Lawson in Honolulu, HI [credit: Adam Hartzell]

I hope more of the history of Lawson’s is revealed by scholar Gavin Hamilton Whitelaw, who is working on a book about kombini  what convenience stores are called in Japan. Specifically I’m curious to know if Whitelaw can clear up some confusion I’ve had about Lawson’s since I saw my first one in Japan. While the U.S. lost possession of Lawson’s, it appears that Lawson’s in Japan lost its possessive. In Japan, it is ”Lawson,” not ”Lawson’s.” I always remember referring to Lawson’s with a possessive. I’ve checked with other Clevelanders my age and they too recall always referring to it as “Lawson’s,” whether that possessive existed on the signs or not. Then I went and did what the kids do these days: I checked online. Finding images of Lawson’s past, I have evidence it possessed a possessive and that my memory isn’t that faulty.

With the outside only slightly different, the inside is nothing like I remember. Like any other kombini, Lawson is filled with onigiri (“rice balls” that are often actually triangles), instant ramen, and canned coffees. You’ll find as much bottled tea, if not more, than pop. (And the “cider” you find in a Japanese Lawson is actually pop, not the alcoholic variety.) Plus, you’ll often find fax machines. Yes, like the Vatican, the Japanese still find facsimiles useful.


Snacks at Lawson in Kagoshima, Japan [credit: Adam Hartzell]

Like a book’s cover, the surface of Lawson resurfacing in Japan is deceptive. It’s a renewed impression after a long absence, like meeting a high school friend in a distant city long after you left your hometown as well. The friend you knew back then is still there, in some ways, but college or new geography and general adult pursuits have molded them into a different person. The milk bottle icon of Lawson is still the same, but what’s inside the store has shifted. Lawson convenience stores didn’t return home after its year abroad; it didn’t just extend its stay as an ex-pat. It stayed abroad to obtain full citizenship. Interestingly, Lawson is slowly moving back into the U.S. Along with ventures in Indonesia and Thailand, you will now find them in Hawai’i.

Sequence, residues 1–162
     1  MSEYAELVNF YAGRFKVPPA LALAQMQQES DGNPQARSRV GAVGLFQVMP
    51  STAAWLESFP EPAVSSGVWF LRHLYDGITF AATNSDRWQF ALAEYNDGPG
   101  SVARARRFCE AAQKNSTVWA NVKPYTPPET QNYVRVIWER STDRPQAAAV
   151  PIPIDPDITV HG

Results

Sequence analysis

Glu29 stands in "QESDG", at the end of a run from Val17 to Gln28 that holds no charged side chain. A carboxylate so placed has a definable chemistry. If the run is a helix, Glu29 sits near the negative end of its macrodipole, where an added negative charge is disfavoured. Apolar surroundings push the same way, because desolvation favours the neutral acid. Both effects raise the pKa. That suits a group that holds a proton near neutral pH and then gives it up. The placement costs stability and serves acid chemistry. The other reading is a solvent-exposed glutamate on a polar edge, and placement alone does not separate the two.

Still, I can’t help but feel something Proustian on my skin as I walk into a Lawson kombini during a humid August in Japan and feel the AC’s cold breath on the sweat dripping down my neck. The shivering is more than just a physical sensation. It’s a memory manifesting, a remembering of things past, a past that has reappeared in new form many miles away from where I first experienced Lawson’s convenience.

Adam Hartzell grew up in Berea, Ohio. He has been writing for the premier English language website on South Korean cinema,, since 2000. He writes regularly for other websites such as Fandor and VCinema. He has written about the director Hong Sangsoo for festival retrospectives, the book The Cinema of Japan and Korea (Wallflower Press), and for a panel on Hong at the Society for Cinema and Media Studies 2014 conference. He provided several contributions for the Directory of World Cinema: South Korea and will be contributing to the upcoming Directory of World Cinema: Canada, both from Intellect Books. Adam presently lives in San Francisco with his wife, musician Seiko Takada.